Well the whole notion of a “balance” pin (or two) just wasn’t working out so I went with a flange-and-pin joint like everywhere else.  Unfortunately, because of all the drilling and holes I’d put into things, and due to a bit of short-sightedness, this flange joint is currently only one-sided.  And so the key lever (that long part sticking out at the bottom of the picture below) has a lot of side-to-side play.  Not good — don’t want the lever to drift off-line and get two notes for the price of one!

Wobbly Assembly

There are quite a few flaws in this design that I’m still ironing out, but I think one good principle I’ve centered on is this: any time there’s a hinge, construct it solely out of 1/8″ plywood.  This stuff is pre-milled and consistent and I can plan for that consistency.  I’ve been cutting tenons into thicker (3/8″) pieces to create 1/8-inch “tongues”, but they’ve ended up too inconsistent in size and I’ve had to spend time grinding them down to get them to fit.  The result is that they’re then a little too small, or wedge-shaped, and just have too much play.

I’m already looking forward to a complete do-over starting with fresh wood, but I do need to see this prototype through so I can iron out any subsequent problems in the parts I’ve haven’t even installed yet…

Balance Pins

I thought I had this figured out, but… nope.  Still don’t know how to do the balance pins.

What’s a balance pin?  Well, it’s the main pivot point for the part of the piano that the key is directly attached to.  In modern pianos, it’s a pin that goes vertically through the key, and the hole it sits in is elongated, front-to-back, wider at the top and narrower at the bottom, to accomodate the motion of the key.

A hole which is elongated and wedge shaped just isn’t going to fly in my shop, so I’ve been trying to figure out an alternative.  Here’s where we’re at right now:

As you can see: I’ve got all the pieces for a full octave with a few extra on each side, and they sit nicely in the little text frame I’ve made.  But those long levers just won’t sit still on the nails I’ve driving through the bottom frames.  I think the answer might be to create a flanged hinge (like all the other moving parts have) but now that I’ve drilled holes into the bottoms of all those frames (and glued all those pieces together!) I don’t know if a flange is possible. Back to the drawing board…

Celesta Progress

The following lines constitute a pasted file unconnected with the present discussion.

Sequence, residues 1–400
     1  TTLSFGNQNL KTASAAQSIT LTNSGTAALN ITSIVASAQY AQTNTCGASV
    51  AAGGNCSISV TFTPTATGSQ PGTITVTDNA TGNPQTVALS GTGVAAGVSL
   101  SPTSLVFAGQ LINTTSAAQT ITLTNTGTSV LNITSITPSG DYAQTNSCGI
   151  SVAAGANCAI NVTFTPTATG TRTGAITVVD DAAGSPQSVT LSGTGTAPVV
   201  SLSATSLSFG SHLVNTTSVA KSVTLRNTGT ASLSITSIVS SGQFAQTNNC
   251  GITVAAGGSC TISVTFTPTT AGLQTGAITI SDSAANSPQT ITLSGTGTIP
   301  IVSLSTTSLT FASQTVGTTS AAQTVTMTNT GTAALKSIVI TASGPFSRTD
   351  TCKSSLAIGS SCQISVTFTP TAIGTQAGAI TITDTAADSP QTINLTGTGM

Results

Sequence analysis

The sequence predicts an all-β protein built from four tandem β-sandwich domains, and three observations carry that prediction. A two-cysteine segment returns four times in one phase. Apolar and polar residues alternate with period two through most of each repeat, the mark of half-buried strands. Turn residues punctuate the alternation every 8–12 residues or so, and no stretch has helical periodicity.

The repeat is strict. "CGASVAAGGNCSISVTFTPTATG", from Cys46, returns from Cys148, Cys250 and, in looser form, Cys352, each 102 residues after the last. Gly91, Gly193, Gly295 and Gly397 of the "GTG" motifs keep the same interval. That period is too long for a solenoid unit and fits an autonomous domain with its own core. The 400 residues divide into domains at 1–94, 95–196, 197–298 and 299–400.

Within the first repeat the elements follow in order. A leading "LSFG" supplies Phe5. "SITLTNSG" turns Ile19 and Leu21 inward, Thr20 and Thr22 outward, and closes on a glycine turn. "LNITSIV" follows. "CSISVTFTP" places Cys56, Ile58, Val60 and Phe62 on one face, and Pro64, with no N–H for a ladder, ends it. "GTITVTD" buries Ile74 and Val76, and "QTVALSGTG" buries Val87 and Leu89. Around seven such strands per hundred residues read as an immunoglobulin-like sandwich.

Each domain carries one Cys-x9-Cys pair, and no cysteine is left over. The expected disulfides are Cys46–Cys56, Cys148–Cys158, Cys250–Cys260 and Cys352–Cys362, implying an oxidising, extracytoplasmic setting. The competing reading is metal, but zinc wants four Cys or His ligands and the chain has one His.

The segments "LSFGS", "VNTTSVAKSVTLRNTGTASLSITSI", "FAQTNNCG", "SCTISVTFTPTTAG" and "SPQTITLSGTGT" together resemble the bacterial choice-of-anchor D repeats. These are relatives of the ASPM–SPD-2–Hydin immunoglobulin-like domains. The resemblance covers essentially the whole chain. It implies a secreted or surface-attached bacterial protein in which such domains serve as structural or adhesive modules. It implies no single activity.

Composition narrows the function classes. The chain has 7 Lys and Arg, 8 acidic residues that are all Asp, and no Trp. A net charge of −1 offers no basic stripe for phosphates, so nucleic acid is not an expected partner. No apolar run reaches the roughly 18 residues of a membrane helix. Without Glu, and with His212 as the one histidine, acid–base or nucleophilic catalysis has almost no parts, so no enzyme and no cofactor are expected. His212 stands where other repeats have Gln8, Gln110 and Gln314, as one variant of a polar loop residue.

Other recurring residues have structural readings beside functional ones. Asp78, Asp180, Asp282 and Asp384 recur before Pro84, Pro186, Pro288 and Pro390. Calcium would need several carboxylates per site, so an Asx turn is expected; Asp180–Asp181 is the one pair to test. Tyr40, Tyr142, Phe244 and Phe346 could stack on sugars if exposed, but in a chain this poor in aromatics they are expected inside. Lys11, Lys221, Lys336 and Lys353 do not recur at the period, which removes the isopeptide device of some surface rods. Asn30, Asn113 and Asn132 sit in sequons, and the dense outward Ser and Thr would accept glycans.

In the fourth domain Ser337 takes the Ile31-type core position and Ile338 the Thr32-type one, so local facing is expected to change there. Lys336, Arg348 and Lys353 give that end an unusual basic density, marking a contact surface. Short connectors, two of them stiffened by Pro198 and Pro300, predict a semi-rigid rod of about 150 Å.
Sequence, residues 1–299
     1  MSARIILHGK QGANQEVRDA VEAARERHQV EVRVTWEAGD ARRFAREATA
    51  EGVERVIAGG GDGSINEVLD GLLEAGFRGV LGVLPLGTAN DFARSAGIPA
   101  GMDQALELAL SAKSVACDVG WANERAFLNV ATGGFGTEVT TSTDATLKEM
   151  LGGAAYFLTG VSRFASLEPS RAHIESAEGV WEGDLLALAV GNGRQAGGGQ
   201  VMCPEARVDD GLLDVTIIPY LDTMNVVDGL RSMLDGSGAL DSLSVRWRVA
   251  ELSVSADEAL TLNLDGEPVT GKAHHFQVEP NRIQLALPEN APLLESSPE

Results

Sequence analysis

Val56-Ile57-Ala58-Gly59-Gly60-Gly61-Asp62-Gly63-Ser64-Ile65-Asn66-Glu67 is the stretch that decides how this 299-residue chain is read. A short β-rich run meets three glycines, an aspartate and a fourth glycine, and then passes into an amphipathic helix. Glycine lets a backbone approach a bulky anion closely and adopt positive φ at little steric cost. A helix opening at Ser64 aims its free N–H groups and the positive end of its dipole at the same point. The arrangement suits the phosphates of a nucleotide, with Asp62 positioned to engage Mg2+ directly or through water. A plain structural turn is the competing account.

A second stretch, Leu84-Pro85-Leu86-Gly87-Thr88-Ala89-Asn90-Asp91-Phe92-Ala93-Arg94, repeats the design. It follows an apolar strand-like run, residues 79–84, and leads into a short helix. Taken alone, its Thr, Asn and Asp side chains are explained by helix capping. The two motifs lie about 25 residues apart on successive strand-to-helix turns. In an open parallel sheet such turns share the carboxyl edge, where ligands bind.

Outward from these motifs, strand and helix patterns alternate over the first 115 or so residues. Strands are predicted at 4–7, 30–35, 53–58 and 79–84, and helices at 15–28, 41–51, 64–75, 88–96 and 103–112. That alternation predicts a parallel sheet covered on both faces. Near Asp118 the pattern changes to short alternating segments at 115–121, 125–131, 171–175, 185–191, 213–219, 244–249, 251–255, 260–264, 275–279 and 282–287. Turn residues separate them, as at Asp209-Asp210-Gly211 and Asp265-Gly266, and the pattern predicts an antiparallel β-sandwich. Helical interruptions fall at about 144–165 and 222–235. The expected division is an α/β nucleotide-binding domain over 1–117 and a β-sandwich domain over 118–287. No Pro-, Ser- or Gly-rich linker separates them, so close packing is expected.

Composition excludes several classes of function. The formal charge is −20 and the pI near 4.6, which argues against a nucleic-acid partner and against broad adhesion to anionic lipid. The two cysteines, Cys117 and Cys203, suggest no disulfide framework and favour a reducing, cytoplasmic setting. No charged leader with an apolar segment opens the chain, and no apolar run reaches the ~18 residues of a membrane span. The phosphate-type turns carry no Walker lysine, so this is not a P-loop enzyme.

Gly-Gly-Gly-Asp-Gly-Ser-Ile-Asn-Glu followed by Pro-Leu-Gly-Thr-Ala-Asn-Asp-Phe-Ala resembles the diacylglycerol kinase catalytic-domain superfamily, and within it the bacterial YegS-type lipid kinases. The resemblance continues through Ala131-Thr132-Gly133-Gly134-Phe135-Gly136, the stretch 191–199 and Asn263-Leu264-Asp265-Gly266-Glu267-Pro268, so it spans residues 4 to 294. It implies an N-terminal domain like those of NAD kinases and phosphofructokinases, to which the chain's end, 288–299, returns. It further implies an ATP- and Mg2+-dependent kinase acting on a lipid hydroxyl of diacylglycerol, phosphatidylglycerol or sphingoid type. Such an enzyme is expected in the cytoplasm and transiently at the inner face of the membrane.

Things are progressing in celestaville. Not as quickly as I want, of course, but time in the workshop can be scarce. This weekend I made some good progress, though!

A few weeks ago I drew up all the plans I needed to build the action for each piece. I sketched each piece of wood individually, noting its dimensions and where I’d need to cut grooves and dadoes and rabbets and all those fun things.

I also noted some jigs I’d need to make… including a kind of a sled that would slide on my table saw and hold pieces upright. I decided to make this as a kind of a box. And I figured, while I was making a box, I’d use finger joints to hold the joints together!

That led me on quite a lengthy detour. Finger joints are one of the simplest joints to make, but getting everything consistent was a big challenge and led me to refine several of my techniques. In fact, I built a different sled first — one that would make consistent finger joints — so that I could then make the box that would let me do nice tenons without losing any fingers.

I’m currently working on a whole octave’s worth of notes. We’re still in the prototyping stage, but when this is all done and assembled there should be an ugly thing that can make some music.

 

Celesta Workshop Day #2

I spent a few hours in the shop today with the intention of busting out prototype #2, but things didn’t go quite as planned. I made some modifications to the design with the intent of simplifying things, but unfortunately progress went into the other direction. I’m dealing with small pieces of wood (typically 1″ x 6″ x 3/8″ or so) and handling these on a table saw is a tricky, and occasionally dangerous, business. I need to come up with a different design and/or different tools that let me carve the necessary grooves and slots and tabs onto the pieces without putting my fingers into the danger zone.